Law of reciprocity
Two women from the same workplace sat in my office each taking it in turns to give me lengthy diatribes of all the shortcomings of the other. They both had similar conclusions - that the other person was responsible for the problems in their working relationship.
It's an interesting quirk of human nature that we always seem to be more aware of what others are doing that is not helping than our own behaviour. But the reality is that the only person whose behaviour we can control is our own. We can influence other people to change, but whether they do or not is up to them. If we attempt to influence change by pointing the finger at the other person through criticism or blame, there is a tendency for them to do the same. It's called the Law of Reciprocity. Other people call it Karma or 'reaping what we sow'.
So how can we keep the focus on our own behaviour? One friend told me that when he is upset about another's behaviour, he reminds himself, "The problem is likely to be with me". He says this is not always the case, but this thinking reminds himself to look at his own behaviour first. Often he says he can change what he is doing in some way, by being more tolerant or considerate for example.
The good news here is that if we change our half of a relationship, it is often hard for the other person to continue doing the same thing. I like asking people who are caught in a pattern of blame that if I could strike the other person with lightning and he/she then changed, would they find themselves relating better in response? People tend to readily agree that their own behaviour would be much better if only the other person changed. I then ask if it is also true that the other would behave better if they themselves changed first. They tend to get the point.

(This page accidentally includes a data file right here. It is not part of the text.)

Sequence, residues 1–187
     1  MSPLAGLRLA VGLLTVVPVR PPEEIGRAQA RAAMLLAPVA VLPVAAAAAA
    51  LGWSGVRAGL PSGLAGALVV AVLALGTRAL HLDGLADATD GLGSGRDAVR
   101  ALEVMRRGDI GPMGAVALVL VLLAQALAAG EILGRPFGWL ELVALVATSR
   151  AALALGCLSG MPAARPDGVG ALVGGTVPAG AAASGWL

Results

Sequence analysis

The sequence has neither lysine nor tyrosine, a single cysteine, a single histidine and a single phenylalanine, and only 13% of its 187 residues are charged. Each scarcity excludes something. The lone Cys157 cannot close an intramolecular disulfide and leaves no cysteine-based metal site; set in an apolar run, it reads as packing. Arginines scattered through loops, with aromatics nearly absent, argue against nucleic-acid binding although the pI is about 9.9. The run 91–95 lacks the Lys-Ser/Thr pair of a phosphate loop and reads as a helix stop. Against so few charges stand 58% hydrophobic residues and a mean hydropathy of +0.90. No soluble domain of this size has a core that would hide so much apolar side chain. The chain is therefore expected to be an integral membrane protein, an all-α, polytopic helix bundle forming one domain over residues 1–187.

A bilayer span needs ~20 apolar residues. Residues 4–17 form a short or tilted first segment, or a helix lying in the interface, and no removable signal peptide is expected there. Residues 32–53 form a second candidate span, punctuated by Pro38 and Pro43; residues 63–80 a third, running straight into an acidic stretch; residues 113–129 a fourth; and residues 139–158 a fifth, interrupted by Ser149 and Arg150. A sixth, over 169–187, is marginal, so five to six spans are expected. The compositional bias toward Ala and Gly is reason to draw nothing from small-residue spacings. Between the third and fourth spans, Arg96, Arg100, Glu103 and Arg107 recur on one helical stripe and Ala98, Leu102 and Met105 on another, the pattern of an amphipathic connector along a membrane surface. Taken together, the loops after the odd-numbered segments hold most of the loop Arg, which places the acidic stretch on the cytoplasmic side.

There is a balance of course. Sometimes the problem is not simply a pattern that has developed between two people. The problem may really be with one person. Even a saint has no guarantee of happiness in a relationship unless the other person is able and willing to do their half as well. For most of us, though, we need to realise that if we want a considerate, respectful relationship, we need to be that type of person ourselves. Ask yourself how your own behaviour may be encouraging challenging responses from others.
Want to reproduce this article?
You are most welcome to use this article in your newsletter or on your website.
All I ask is that you include a live link back to my website and the following bio:
Ken Warren BA, M Soc Sc, CSP is a Relationships Specialist who helps teams to perform at their very best.
Through his positive, interactive and engaging speaking programs, Ken helps people to:
Build even stronger, more positive and productive teams
Cope well with the stress and challenges of their work
Produce better outcomes with very difficult clients
Check out all of his FREE resources through www.positivepeoplesolutions.com.au